Zebrafish are a popular model of choice for many researchers, including chronobiologists. That’s because zebrafish rapidly develop their ‘inner clock’ – their circadian system – and because this system is highly light-entrainable.
Most zebrafish tissues (in vivo) have clocks, similar to the mammalian system, which can be studied in cell lines (ex vivo). Although the functional development of this clock system and the genes that compose the ‘core clock’ of zebrafish are already well understood, specific details of how the core oscillator functions remain unclear.
The influence of enzyme activity on circadian rhythmicity
Smadja Storz et al. investigated the influence of the activity of two isoforms of the CK1 family. CK1, short for casein kinase 1, is a group of enzymes that function as regulators of signal transduction in many processes, including circadian rhythmicity. The researchers studied the importance of CK1δ and CK1ε activity in circadian rhythmicity on several levels; in zebrafish embryos, larvae, and cell lines.
Locomotor activity reflects rhythmicity
In order to determine rhythmicity, researchers studied the behavior (activity pattern) of zebrafish larvae in a high-throughput set-up. Larvae were placed in 48 individual well plates in the DanioVision Observation Chamber. Behavioral tracking was then done automatically by EthoVision XT video tracking software.
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Initially, larvae were kept under 12h light/12h dim light conditions. Following this, a CK1 inhibitor (or DMSO for the control group) was administrated and the animals were kept under dim light conditions. During the experiment, the activity of the animals was measured as total distance moved during ten minute time windows.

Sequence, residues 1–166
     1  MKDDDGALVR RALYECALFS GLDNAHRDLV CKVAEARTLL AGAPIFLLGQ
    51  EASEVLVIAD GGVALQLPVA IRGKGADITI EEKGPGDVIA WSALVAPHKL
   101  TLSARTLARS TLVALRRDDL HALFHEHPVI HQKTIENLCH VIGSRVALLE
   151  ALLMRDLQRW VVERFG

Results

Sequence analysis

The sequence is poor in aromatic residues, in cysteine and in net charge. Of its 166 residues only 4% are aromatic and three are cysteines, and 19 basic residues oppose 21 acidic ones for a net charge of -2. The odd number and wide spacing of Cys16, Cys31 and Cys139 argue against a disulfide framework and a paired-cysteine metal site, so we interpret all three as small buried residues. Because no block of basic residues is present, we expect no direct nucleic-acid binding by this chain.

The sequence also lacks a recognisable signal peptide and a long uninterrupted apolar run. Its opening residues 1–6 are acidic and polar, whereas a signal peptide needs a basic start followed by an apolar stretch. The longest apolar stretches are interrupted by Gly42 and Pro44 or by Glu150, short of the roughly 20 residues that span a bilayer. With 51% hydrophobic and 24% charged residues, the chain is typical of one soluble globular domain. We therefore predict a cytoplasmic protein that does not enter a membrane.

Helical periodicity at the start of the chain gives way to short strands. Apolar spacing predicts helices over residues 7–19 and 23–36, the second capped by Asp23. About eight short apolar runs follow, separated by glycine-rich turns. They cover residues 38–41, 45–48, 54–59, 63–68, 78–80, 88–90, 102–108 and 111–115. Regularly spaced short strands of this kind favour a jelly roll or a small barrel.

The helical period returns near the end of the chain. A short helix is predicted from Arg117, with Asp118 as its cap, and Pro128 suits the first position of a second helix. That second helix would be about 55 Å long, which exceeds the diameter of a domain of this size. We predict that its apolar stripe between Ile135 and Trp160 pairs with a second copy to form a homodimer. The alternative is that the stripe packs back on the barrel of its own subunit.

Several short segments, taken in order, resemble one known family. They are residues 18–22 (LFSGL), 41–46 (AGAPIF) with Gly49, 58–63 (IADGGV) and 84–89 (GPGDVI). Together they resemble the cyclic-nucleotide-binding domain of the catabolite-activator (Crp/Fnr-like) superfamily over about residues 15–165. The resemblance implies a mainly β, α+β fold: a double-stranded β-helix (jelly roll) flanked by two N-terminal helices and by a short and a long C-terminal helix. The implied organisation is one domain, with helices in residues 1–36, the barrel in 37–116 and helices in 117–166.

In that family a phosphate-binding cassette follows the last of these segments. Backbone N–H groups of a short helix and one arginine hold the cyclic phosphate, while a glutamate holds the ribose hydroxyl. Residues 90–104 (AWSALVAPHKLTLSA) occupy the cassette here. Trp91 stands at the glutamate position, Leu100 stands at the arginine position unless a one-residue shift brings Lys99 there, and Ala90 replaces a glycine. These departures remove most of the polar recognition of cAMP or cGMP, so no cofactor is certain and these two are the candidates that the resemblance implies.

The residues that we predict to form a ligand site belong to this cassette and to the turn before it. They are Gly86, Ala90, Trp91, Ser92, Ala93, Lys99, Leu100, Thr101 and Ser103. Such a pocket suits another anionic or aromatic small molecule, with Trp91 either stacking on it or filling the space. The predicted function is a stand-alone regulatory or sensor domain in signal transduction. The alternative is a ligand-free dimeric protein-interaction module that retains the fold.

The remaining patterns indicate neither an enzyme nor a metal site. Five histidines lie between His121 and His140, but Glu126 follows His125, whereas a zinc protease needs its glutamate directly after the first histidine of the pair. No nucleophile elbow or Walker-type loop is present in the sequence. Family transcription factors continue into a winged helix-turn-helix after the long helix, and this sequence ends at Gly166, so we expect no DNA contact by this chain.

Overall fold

CK1δ is important to maintain circadian rhythmicity
Zebrafish larvae normally develop circadian rhythmicity when exposed to light/dark cycles, after which the animals are able to maintain this rhythmicity, even under continuous light conditions. As to be expected, the control groups showed this cycle of high-activity/low-activity in the period during which the light was dimmed continuously. In larvae that were exposed to the CK1δ inhibition, this rhythmicity was completely diminished. Specific CK1ε inhibition did not have as significant an effect.
A great aquatic model for pharmacological screening and chronobiological research
There are a couple of things we can learn from this study. In particular, this study demonstrates the importance of CK1δ activity in the proper development and maintenance of circadian rhythmicity in zebrafish. It also shows that CK1ε activity plays a less important role. More generally, it proves that zebrafish and the utility of CK1 inhibitors are important factors in the creations of high-throughput models for pharmacological studies on circadian clock-related drugs and other chronobiological research.
The complete publication is accessible online: Smadja Storz, S.; Tovin, A.; Mracek, P.; Alon, S.; Foulkes, N.S.; Gothilf, Y. (2013). Casein Kinase 1δ Activity: A Key Element in the Zebrafish Circadian Timing System. PLoS ONE, 8 (1), e54189.